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Pumpkin Patch Visit and My Thoughts on Living with a Foster Baby

Pumpkin Patch Visit and My Thoughts on Living with a Foster Baby

I like dat one.

Picking out her first pumpkins!

My mom and E. She had a major crush on this pumpkin man. As in like, she didn’t want to walk around anywhere else but just sit there and hug him.

My sister, Ella, Me and Alyssa (BFF)

Her Freshly Picked Pineapple Moccasins

^ Leave it up to my BFF (remember the one in the accident?)  to be her crazy self at the Pumpkin Patch. I may or may not have told her to pose for this.

Ella wanted her own “selfie” too.

On December 9, 2013 my family was blessed with our first ever foster baby, Ella. She was 4 months old and only weighted 9 pounds and basically acted like a newborn. She was physically starving, could not even hold her head up and had a severe bloody rash under her neck. All they told our family was that she was taken away due to failure to thrive (later we were told she never had a crib, and slept in a car seat for the first 4 months of her life) and that she was extremely malnourished. I can’t share much more for her protection but her home life was anything but ordinary. Fast forward to almost a year later and she is thriving, eats like a pig and looks and acts like a perfectly healthy 14 month old.

My parents and sister started the fostering process in the beginning of 2013. Michelle, my sister, at the time worked at a daycare and convinced my parents to begin taking foster classes. She had a lot of the foster children in the daycare classes with her and talked about them quite often, which is what ultimately led my parents to start the whole foster process. My mom, dad and sister attended classes for a few months and went through the whole process together. They were all super into it! And here I was. Not super into it. I was not against it by any means but I just didn’t feel that excitement for it as much as they did.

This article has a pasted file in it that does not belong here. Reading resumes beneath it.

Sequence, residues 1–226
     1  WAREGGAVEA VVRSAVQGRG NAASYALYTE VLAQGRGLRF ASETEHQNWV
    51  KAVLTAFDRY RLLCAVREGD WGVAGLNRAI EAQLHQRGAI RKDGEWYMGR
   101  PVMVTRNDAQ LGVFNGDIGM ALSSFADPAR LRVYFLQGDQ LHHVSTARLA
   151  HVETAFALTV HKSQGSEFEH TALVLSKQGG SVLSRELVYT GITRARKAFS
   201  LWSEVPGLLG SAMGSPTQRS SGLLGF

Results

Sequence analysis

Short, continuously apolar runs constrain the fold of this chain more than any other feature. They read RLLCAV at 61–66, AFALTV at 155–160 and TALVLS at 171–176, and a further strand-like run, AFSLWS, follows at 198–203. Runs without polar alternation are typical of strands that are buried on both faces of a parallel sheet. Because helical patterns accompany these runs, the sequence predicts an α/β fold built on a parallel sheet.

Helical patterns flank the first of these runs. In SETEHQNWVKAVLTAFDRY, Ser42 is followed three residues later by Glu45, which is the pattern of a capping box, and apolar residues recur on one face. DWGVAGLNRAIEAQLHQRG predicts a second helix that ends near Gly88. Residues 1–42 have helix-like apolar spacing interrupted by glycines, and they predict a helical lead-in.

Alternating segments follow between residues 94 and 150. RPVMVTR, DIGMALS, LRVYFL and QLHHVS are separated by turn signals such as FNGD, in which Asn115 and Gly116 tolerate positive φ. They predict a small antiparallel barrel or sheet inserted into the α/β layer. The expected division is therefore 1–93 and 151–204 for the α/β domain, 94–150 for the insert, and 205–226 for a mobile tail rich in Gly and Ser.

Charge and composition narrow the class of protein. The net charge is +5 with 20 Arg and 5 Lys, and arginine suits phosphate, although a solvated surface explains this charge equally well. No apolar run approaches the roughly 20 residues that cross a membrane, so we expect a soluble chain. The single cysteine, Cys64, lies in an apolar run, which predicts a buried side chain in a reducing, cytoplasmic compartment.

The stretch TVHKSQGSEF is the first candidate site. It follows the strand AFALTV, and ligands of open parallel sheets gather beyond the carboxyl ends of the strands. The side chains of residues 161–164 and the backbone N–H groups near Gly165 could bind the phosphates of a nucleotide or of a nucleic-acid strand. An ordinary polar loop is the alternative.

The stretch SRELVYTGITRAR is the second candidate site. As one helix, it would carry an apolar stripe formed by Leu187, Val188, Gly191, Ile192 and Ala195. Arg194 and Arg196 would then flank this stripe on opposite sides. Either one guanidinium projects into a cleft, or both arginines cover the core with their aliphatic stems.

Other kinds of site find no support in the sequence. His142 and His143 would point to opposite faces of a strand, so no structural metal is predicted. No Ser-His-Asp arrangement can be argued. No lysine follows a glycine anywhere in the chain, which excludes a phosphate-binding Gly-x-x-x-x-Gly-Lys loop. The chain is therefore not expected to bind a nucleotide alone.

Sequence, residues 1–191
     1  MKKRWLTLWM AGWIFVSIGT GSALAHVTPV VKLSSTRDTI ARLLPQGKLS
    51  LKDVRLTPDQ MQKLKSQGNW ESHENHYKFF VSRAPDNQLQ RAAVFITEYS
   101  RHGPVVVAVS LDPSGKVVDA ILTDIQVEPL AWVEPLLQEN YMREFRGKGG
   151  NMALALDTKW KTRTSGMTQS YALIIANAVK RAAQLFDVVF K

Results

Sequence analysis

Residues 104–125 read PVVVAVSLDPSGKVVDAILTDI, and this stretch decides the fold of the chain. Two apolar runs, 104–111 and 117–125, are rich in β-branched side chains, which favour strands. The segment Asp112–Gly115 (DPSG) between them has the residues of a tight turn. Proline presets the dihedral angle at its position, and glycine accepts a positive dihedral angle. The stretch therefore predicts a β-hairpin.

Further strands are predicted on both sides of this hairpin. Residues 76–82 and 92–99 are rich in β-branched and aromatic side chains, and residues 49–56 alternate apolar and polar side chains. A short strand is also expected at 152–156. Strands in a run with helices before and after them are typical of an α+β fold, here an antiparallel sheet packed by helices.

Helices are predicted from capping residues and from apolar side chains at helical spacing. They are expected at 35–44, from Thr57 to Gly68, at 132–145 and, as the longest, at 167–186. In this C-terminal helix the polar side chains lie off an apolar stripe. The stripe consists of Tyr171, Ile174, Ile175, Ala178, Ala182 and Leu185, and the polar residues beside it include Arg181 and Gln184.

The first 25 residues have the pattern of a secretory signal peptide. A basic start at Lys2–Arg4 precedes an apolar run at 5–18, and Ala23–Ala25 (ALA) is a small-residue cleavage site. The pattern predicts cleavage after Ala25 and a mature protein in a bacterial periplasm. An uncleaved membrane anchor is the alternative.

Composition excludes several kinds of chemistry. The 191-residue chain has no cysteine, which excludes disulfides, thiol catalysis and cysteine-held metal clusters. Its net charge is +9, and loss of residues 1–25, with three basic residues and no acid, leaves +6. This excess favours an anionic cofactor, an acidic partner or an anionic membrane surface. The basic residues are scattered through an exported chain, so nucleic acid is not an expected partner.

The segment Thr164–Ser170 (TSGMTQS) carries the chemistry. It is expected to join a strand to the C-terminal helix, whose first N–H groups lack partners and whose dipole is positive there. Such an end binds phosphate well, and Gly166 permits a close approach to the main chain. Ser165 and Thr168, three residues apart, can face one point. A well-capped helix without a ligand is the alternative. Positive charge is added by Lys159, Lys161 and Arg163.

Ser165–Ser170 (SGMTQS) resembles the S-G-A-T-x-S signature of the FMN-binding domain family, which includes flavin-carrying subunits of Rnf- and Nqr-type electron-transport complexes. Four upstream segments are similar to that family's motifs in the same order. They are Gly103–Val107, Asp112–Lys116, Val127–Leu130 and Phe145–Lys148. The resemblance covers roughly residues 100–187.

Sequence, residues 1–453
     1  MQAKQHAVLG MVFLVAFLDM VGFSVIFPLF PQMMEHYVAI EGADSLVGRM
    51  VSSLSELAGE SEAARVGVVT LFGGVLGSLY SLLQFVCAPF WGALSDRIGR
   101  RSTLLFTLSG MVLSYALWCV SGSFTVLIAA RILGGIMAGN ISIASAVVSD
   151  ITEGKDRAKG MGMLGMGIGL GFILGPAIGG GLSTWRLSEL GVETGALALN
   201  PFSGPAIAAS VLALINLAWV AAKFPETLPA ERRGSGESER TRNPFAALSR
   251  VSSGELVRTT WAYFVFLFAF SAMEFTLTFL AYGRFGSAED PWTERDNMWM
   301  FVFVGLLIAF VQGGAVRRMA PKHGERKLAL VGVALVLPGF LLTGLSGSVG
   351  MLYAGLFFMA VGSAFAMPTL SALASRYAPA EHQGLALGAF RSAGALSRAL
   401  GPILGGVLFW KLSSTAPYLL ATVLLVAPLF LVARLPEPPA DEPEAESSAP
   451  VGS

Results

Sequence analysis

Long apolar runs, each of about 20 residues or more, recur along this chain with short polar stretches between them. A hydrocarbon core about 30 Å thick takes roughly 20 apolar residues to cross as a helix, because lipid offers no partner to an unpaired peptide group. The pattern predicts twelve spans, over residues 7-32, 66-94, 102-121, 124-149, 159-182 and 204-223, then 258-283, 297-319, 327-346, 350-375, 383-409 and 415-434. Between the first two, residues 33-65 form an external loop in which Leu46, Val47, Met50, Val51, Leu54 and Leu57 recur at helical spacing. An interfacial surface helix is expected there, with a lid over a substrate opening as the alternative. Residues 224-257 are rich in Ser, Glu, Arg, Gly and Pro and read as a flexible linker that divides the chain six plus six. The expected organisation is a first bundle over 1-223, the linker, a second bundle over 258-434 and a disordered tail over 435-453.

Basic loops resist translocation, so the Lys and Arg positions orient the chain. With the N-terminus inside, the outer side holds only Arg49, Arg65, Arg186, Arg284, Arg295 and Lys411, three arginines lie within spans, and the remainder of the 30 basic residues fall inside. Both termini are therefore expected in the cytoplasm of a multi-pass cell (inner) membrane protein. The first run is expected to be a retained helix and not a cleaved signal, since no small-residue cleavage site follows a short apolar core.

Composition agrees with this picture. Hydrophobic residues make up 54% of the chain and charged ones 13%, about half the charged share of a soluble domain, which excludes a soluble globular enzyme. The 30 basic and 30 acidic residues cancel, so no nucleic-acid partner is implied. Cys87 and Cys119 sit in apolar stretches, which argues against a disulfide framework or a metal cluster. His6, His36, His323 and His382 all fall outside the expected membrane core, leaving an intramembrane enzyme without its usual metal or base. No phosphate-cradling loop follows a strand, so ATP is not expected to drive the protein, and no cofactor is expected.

Those classes came and went, there was tons of paperwork, interviews, waiting, lots of waiting, more interviews, signatures, home visits, more waiting and then the time finally came for the foster parent approval. The paperwork was sent in and then it was up to the judge to approve or deny our family for fostering. The paperwork was sent in and that took a few months to get approval. On the day it was approved, my parents got a call asking them if they wanted a 4 month old baby girl, and she was “delivered” to us that night at 10:00 PM. That’s not the most caring word but it’s really what it felt like. A stork magically delivered this baby to our doorstep and there she was.

The first time we saw her face from the carseat, she had the hugest, gummiest smile. She couldn’t do much else and her cry was barely a whimper but she was adorable. My sister and mom were in heaven. This was the moment they both waited and dreamed about for a whole year. Must be kind of like a mom, when she gives birth to her first child (or so I imagine). They both hovered over her car-seat and didn’t seem to come up for air, they just stared at her cuteness and gave her all the love they possibly could just by looking at her.  My dad, the patient man he is, and I were kind of background noise, carefully watching and observing. He didn’t say much , he’s a man of few words, but I could tell he was interested and excited because he loves my mom and he knew fostering was her dream, so he went along. Of course, I was excited a new little baby was in the house, who wouldn’t be? I took tons of pictures, held her and then, that was that. After an hour or so of playing and holding this new little human baby, my mom and sister took her upstairs to give her a bath and there it was, the start of life with a foster baby.